NewsDesk @bactiman63

In response to the Marburg Virus Disease (MVD) outbreak recently declared in Tanzania, the Africa CDC said the following:

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“Africa CDC remains committed to support Tanzania and her neighbors to arrest this outbreak as soon as possible. We urge members of the public to continue sharing information in a timely manner with the authorities to enable a most effective response. These emerging and re-emerging infectious diseases are a sign that the health security of the continent needs to be strengthened to cope with the disease threats.” – Ahmed Ogwell Ouma, Ag Director of Africa CDC.

The Africa CDC is immediately deploying a team of experts to Tanzania to support response efforts in the country. Africa CDC has also engaged the Ministry of Health of Tanzania to understand the cross-border context of the outbreak as this would guide regional surveillance strategies in containing the outbreak. Currently, two African Union Member States (Equatorial Guinea and Tanzania) are reporting active MVD outbreaks.

CDC issues travel notice for Tanzania due to Marburg outbreak

The Ministry of Health (MoH) of Republic of Tanzania declared an outbreak of Marburg virus disease (MVD) in Bukoba district, Kagera region, north western Tanzania. Cumulatively, eight confirmed cases and five deaths, including a health care worker have been reported (case fatality rate: 63%), while three are undergoing treatment at designated treatment centres.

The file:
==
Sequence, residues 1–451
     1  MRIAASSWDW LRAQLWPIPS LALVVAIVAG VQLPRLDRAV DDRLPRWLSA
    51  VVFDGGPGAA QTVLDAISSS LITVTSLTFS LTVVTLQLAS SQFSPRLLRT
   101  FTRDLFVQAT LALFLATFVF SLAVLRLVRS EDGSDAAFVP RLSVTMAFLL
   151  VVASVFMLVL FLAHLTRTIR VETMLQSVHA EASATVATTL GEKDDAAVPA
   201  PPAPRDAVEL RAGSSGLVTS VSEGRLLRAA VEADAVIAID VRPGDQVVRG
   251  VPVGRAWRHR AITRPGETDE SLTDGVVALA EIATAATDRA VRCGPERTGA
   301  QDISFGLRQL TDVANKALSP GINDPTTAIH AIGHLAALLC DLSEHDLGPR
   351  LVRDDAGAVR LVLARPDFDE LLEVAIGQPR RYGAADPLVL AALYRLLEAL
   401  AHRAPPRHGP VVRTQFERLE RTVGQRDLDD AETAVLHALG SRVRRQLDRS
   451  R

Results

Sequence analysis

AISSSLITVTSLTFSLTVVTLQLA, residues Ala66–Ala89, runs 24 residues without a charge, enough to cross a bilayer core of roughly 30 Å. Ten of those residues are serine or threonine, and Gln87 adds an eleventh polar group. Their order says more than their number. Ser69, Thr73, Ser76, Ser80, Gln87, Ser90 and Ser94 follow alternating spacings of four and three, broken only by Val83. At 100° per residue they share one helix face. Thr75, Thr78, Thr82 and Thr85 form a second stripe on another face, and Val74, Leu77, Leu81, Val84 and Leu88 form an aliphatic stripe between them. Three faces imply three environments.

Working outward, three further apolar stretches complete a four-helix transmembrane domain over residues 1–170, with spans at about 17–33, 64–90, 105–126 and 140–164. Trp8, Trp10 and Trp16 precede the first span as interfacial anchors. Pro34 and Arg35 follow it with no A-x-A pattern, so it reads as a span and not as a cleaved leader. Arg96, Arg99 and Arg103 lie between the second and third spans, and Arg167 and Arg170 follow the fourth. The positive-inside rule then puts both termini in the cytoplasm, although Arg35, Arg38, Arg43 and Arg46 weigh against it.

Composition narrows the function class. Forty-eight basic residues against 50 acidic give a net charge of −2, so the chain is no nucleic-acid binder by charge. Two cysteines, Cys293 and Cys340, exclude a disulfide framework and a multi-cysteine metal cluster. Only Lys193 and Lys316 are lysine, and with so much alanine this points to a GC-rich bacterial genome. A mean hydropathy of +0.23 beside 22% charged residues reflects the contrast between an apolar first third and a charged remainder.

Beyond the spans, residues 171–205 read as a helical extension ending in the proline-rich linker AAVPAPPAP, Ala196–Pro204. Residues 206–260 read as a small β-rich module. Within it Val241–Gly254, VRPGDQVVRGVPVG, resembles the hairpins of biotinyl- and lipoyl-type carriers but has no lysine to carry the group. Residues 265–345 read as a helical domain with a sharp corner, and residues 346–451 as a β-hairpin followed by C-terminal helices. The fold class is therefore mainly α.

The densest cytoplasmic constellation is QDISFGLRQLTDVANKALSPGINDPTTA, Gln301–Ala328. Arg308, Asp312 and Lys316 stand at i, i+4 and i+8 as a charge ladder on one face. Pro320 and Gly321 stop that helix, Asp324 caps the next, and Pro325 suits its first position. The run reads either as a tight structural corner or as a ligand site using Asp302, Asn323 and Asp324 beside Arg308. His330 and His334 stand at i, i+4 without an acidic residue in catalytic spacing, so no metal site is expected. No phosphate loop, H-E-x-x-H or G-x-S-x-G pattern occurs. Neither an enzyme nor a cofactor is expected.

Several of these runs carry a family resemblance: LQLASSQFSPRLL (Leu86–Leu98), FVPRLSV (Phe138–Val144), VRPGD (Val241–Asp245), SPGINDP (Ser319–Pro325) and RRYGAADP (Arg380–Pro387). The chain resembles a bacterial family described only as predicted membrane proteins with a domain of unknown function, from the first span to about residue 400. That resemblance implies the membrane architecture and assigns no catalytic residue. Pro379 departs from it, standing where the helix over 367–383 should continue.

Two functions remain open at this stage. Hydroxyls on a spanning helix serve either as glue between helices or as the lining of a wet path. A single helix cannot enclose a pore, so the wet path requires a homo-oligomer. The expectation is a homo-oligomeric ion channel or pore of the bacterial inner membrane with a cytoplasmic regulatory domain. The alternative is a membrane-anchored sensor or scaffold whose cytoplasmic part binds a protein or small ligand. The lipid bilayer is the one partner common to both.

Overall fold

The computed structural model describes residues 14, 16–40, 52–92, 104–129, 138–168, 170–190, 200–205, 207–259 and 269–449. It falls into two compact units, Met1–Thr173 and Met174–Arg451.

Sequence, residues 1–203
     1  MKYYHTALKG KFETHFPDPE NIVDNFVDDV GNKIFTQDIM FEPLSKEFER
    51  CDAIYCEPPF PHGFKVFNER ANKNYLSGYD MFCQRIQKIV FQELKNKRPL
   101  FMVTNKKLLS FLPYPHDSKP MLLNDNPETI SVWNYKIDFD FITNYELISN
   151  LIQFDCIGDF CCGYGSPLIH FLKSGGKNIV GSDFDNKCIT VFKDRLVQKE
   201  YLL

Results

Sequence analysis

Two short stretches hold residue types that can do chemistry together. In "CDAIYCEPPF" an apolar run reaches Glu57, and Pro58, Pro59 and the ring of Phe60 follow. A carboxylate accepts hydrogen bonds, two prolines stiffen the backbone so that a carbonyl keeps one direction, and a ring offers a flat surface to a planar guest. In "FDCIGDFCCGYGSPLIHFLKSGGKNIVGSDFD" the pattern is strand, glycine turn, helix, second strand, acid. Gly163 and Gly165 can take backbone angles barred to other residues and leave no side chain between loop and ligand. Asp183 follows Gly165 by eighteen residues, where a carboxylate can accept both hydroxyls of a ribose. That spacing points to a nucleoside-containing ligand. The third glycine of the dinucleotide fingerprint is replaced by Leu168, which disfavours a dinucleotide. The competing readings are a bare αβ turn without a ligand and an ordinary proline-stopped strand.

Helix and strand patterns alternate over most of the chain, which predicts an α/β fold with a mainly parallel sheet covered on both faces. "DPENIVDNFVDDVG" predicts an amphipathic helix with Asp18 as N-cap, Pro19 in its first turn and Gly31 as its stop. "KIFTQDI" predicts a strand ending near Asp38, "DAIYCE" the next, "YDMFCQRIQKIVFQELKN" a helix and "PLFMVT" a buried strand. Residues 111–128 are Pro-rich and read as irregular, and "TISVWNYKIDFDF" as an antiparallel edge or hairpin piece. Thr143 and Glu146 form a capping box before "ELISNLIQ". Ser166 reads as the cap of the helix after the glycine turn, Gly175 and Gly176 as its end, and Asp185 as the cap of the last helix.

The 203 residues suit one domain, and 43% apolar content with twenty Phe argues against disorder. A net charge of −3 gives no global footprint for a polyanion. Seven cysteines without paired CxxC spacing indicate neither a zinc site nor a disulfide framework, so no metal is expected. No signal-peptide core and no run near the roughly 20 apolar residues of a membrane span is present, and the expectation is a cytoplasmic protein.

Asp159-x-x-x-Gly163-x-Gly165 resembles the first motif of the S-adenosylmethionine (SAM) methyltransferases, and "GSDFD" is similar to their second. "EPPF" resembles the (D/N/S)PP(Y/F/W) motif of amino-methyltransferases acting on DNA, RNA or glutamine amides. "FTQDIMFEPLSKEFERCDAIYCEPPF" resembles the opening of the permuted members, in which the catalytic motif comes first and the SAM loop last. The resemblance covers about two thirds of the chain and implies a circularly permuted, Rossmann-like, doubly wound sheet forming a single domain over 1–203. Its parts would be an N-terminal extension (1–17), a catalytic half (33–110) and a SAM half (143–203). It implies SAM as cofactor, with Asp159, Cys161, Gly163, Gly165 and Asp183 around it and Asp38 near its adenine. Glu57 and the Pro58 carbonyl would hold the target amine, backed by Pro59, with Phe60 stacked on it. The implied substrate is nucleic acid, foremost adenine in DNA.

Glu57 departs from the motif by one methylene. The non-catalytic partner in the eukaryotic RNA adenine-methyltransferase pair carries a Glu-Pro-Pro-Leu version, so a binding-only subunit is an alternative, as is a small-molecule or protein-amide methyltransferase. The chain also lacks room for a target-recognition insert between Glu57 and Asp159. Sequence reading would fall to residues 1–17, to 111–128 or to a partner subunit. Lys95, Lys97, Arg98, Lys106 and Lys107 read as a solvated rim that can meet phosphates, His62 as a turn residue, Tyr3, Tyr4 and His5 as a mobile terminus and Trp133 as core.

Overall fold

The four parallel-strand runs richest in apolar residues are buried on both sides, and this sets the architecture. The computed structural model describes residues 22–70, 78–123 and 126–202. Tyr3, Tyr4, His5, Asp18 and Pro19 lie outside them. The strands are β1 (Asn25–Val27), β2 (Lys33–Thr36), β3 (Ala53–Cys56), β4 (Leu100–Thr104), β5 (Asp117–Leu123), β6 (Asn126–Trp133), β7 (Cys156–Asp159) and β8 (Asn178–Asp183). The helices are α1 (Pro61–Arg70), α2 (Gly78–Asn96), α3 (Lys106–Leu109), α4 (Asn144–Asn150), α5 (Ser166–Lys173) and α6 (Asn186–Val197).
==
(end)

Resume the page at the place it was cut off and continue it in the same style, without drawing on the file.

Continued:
This is the first time a confirmed case of MVD is reported in Tanzania. Kagera region is located in north-western Tanzania and is bordered by Uganda to the north, Rwanda to the west and Burundi to the south-west. The high population mobility within the region poses a risk of cross-border spread.

MVD is a highly fatal, zoonotic haemorrhagic disease caused by the Marburg virus. Human-to-human transmission occurs through direct contact with body fluids from infected persons, or contact with equipment and other materials contaminated with infectious blood or tissues, body fluids of infected people, and contaminated surfaces or materials. Although neither licensed vaccine nor approved treatment for MVD is available, supportive management improves survival. Existing infection prevention and control protocols for Ebola and other viral hemorrhagic fevers can be used to prevent transmission of MVD.

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